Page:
Politicians fail to grasp basic economics
It is apparent that the academics who are our legislators either don’t understand or choose not to understand simple economics.
No individual, family, business, state or nation can spend more than they take in for very long. This is simple logic proven throughout history.
For people and businesses that go into deep debt, there is bankruptcy. Tragic relief, but at least there is a chance to start over.
For our 50 states, their legislators are required by law to pass a reasonable budget each year. State governments sell municipal bonds to cover manageable debt.
When the national debt is manageable, treasury does the same, but when it is so large that our gross national product no longer is able, no banks, no world organization can fund a debt of $16.5 trillion, projected to be $20 trillion by 2016. With no bailout likely, our federal agency will simply print enough money to pay the mounting interest and keep the country going.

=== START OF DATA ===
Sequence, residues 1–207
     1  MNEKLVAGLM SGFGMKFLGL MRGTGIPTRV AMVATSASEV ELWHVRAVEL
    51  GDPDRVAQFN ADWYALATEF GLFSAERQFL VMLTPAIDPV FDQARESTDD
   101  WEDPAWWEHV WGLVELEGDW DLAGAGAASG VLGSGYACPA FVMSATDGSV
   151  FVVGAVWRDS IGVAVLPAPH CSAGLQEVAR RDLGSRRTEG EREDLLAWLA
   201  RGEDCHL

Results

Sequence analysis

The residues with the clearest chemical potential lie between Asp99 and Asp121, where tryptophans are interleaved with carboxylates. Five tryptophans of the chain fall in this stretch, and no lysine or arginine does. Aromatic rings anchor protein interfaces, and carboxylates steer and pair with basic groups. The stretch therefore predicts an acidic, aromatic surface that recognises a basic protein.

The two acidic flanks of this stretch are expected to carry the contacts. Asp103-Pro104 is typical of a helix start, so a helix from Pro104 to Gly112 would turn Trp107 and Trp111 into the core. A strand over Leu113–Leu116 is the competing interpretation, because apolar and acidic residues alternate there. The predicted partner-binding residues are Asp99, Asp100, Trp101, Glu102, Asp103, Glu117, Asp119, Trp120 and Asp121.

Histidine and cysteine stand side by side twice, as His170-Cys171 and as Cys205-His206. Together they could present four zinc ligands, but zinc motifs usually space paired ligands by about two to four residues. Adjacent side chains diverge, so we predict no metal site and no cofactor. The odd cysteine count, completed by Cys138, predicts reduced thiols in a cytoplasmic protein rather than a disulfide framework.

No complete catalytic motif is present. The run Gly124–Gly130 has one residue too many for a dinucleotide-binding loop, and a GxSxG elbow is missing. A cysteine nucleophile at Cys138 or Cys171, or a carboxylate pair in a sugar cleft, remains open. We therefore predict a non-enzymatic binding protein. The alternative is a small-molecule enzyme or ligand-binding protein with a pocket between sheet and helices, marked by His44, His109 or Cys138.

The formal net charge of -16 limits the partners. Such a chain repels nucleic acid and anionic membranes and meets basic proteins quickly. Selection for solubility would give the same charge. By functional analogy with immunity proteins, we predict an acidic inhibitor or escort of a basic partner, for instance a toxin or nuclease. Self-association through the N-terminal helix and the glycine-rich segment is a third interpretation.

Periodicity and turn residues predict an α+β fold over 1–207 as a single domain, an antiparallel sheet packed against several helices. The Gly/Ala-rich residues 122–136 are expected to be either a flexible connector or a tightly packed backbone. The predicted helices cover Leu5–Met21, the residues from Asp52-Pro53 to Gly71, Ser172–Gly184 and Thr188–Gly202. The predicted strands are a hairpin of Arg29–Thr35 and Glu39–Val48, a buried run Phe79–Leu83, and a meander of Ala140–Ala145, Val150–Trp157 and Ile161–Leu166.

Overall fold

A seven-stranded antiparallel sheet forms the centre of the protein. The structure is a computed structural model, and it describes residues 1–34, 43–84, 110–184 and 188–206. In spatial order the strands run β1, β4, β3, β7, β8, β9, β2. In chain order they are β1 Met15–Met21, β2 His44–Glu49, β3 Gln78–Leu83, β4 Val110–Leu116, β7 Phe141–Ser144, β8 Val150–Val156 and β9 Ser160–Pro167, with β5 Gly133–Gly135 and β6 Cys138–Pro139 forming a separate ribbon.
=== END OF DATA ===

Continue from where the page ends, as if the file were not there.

The United States administration and Congress have saddled the nation with the result of seven decades of neglect. Refusing to face the impending doom, our interest rates on this debt are growing every year, as the debt grows and rates rise. Balancing our national budget may become impossible. Unnecessary regulation and far too heavy tax burdens have sent many creative businesses out of the country. Others are just closing their doors. Loss of entrepreneurs means less tax income and a wider spread between revenue in and revenue out.
We are taxed to the limit. We are left with inflation. If the producers no longer match the spenders, the printed money becomes watered, less valued. Foreign traders and bankers will cease their support. A worldwide depression will follow when this country can no longer pay our debt. No one will buy our bonds.
Let our citizens realize that we have chosen big government over free enterprise and personal liberty. Let them further realize that government creates nothing. All creation of wealth begins with Mother Nature, and follows the chain of development by private enterprise all the way to the users and buyers. These are the creators, the makers and the doers. All the rest of us are takers. We may be necessary too, but our survival is wholly dependent on those makers. That is basic economics.